The Ten Commandments

Are the Ten Commandments still relevant today?

John 14:15
“If you love me, keep my
Matthew 7:21-23

“Not every one that saith unto me, Lord, Lord, shall enter into the kingdom of heaven; but he that doeth the will of my Father which is in heaven. 22 Many will say to me in that day, Lord, Lord, have we not prophesied in your name? and in your name have cast out devils? and in your name done many wonderful works? 23 And then will I profess unto them, I never knew you: depart from me, you that work iniquity.”

What does James say about the Law?

A quick look will reveal that it’s obvious we aren’t going to get James to give us any fire-power to diminish the Christian’s duty to the law. He is unyielding on his stance of loyalty to the Ten Commandments. From his viewpoint, we are all duty-bound to keep every single Commandment, “the whole Law.”

“If ye fulfil the royal law according to the scripture, Thou shalt love thy neighbour as thyself, ye do well: but if ye have respect to persons, ye commit sin, and are convinced of the law as transgressors. For whosoever shall keep the whole law, and yet offend in one point, he is guilty of all. For he that said, Do not commit adultery, said also, Do not kill. Now if thou commit no adultery, yet if thou kill, thou art become a transgressor of the law. So speak ye, and so do, as they that shall be judged by the law of liberty.” (James 2:8-12).

In fact, he speaks of the law in a very upbeat way. James calls the commandments the Royal Law and the Law of Liberty. Why shouldn’t the Law be our glory and joy? We have laws in America. They are obligatory for everyone. Sometimes some lawbreaker is able to avoid the punishment of his misdeed and we all groan when that happens. Equal protection under the law is what our judicial system stands for. And our laws are just; they have been hammered out by a large body of an honest judiciary, legislators, and President, therefore those laws are good for the liberties of all. America has a lot of laws. It is stricter here than many other countries, yet people are flocking to come here. They know our laws are right and fair. Those laws are built from a moral code. They are non-discriminatory. Though civil and non-religious, they represent love. “Thou shalt love thy neighbour as thyself.”

James establishes the authority of the Ten Commandments, which at the time of his writing was circa A.D. 90, many years after the death and resurrection of Christ. A relatively modern and popular idea is that Christ abolished the law at His death, yet notice that James writes words oblivious to that notion. He uses the commandments given to Moses to “convince” or convict of immorality and to raise the spiritual atmosphere among the believers “scattered abroad.” He gave no hint that those commandments were ever repealed. Their perpetuity is the grand, underlying assumption of James, and a Spirit-inspired assumption at that.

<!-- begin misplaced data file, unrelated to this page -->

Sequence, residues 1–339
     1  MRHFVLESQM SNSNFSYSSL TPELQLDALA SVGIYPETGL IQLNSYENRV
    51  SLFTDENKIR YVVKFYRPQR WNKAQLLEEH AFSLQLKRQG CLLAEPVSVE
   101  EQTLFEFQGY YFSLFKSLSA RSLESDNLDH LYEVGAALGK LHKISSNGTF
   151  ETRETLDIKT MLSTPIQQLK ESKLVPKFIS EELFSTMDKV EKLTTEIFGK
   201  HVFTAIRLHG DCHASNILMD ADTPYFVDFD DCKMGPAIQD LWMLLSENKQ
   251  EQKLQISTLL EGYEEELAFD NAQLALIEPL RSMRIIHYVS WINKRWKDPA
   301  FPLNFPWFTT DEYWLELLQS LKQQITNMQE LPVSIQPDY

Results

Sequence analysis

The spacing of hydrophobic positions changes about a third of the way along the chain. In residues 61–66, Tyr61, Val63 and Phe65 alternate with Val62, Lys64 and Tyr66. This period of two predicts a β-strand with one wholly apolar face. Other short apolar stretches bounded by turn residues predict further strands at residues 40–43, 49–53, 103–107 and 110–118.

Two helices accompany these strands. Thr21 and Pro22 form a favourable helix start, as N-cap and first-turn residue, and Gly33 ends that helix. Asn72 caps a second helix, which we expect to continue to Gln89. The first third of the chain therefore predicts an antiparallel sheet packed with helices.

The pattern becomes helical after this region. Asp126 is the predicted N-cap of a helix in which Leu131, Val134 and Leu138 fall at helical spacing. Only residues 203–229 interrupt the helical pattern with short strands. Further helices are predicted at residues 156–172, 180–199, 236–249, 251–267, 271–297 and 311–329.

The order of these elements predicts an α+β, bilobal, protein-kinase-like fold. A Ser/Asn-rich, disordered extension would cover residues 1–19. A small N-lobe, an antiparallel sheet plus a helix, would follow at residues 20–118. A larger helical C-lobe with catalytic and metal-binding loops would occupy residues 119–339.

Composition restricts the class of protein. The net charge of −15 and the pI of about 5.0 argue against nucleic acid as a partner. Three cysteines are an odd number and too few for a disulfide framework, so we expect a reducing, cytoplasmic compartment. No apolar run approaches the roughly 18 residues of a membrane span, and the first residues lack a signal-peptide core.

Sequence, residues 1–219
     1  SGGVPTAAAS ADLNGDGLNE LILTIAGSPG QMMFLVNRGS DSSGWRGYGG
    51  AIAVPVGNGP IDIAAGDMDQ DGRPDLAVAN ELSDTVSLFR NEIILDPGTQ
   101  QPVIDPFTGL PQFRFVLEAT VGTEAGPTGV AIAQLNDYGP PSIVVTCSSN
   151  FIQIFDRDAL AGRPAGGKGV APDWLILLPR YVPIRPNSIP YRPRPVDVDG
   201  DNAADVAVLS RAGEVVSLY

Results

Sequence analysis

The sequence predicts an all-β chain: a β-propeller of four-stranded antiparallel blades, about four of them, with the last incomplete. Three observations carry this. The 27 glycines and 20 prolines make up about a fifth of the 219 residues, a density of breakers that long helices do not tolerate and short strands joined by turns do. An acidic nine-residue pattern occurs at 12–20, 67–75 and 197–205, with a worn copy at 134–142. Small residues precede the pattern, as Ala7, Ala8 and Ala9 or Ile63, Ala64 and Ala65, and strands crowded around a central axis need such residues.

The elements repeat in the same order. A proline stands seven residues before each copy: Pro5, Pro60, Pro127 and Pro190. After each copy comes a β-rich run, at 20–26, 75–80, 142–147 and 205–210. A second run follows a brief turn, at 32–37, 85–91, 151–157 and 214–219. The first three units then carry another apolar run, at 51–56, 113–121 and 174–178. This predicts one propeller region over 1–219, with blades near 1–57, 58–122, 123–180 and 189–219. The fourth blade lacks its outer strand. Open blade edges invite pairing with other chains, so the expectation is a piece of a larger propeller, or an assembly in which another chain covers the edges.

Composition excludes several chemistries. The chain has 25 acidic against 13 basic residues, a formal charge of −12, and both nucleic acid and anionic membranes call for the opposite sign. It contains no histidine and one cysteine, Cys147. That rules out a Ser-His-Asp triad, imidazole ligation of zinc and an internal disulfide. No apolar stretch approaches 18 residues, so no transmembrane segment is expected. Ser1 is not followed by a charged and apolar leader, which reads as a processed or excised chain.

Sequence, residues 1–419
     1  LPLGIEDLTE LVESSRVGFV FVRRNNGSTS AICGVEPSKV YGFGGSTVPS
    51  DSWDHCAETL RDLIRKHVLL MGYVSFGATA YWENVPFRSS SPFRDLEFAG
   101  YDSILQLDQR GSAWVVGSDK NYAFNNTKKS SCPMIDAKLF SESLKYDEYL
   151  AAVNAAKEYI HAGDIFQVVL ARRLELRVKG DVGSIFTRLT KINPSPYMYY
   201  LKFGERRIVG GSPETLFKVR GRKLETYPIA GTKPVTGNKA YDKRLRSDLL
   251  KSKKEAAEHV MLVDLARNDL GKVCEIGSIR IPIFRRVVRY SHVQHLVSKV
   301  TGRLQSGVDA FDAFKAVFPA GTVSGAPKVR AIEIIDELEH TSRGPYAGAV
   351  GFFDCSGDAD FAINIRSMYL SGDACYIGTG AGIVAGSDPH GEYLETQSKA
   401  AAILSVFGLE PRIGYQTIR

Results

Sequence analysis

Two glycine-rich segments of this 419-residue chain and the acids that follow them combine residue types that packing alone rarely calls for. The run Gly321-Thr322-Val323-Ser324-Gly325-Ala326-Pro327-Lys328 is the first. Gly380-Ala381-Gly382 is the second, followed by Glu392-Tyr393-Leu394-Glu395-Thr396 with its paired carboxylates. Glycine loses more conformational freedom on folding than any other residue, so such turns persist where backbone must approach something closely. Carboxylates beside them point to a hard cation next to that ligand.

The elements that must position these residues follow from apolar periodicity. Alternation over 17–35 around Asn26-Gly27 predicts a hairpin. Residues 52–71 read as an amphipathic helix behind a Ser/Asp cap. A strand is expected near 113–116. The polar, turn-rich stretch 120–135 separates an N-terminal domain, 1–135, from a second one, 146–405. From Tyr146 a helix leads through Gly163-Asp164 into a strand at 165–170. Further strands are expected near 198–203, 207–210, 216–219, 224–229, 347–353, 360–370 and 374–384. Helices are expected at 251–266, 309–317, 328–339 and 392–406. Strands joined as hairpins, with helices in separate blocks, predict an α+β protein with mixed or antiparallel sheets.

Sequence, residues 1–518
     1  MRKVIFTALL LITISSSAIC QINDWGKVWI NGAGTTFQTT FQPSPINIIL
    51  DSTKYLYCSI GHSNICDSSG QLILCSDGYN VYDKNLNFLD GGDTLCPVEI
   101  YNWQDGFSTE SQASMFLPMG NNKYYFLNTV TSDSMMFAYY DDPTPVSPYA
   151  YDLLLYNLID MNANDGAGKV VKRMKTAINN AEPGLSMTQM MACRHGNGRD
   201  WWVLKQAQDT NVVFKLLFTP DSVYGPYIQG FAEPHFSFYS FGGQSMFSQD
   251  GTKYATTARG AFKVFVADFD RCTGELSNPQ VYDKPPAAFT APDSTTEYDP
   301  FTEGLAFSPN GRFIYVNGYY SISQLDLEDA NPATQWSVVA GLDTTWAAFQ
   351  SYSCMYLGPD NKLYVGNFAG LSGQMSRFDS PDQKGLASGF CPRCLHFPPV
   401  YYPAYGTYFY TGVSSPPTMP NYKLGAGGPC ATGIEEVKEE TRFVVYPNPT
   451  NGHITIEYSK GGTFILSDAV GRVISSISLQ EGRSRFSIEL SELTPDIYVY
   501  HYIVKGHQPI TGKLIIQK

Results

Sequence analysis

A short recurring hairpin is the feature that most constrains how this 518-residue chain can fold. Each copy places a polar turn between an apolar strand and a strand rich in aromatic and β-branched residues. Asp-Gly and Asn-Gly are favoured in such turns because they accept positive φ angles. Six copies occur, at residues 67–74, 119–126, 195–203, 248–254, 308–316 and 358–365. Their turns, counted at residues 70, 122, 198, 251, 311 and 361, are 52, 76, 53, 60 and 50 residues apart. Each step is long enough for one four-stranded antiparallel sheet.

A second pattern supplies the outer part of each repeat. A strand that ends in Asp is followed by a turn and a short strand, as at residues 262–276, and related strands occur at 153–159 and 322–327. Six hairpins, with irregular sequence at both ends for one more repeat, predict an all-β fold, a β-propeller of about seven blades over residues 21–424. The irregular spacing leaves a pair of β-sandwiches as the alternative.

The apostle understood that faith was the foundation of the new movement of Christ. But evidently there had come in some disturbing views into the church, which eroded the force of God’s Law and had a deadening effect on the conscience of the people. So he takes on the issue of faith in its relation to duty and the commandments of God. He is solidly loyal to obedience to the Law. “Even so faith, if it hath not works, is dead, being alone. Yea, a man may say, Thou hast faith, and I have works: shew me thy faith without thy works, and I will shew thee my faith by my works. Thou believest that there is one God; thou doest well: the devils also believe, and tremble. But wilt thou know, O vain man, that faith without works is dead? Was not Abraham our father justified by works, when he had offered Isaac his son upon the altar? Seest thou how faith wrought with his works, and by works was faith made perfect? And the scripture was fulfilled which saith, Abraham believed God, and it was imputed unto him for righteousness: and he was called the Friend of God. Ye see then how that by works a man is justified, and not by faith only. Likewise also was not Rahab the harlot justified by works, when she had received the messengers, and had sent them out another way? For as the body without the spirit is dead, so faith without works is dead also.” (James 2:17-26).

I realize that the KJV uses old language, and that “works” is almost an undefined word these days. That is why I substitute “duty” and “obedience,” etc. But as you see, the Bible admonishes us to be more than just moral in relation to an abstract, imaginary code, but obedient to that righteousness written by God in stone. To so many atheists God is dead, or a figment of imagination. To Christians, God is the living God, and Christ is alive for ever more. He has flesh and blood, He is tangible. Thus His law is real and tangible, inscribed no more tangibly than in non-effaceable stone. We have an obligation to walk as He walked, in allegiance to His Father’s Commandments.

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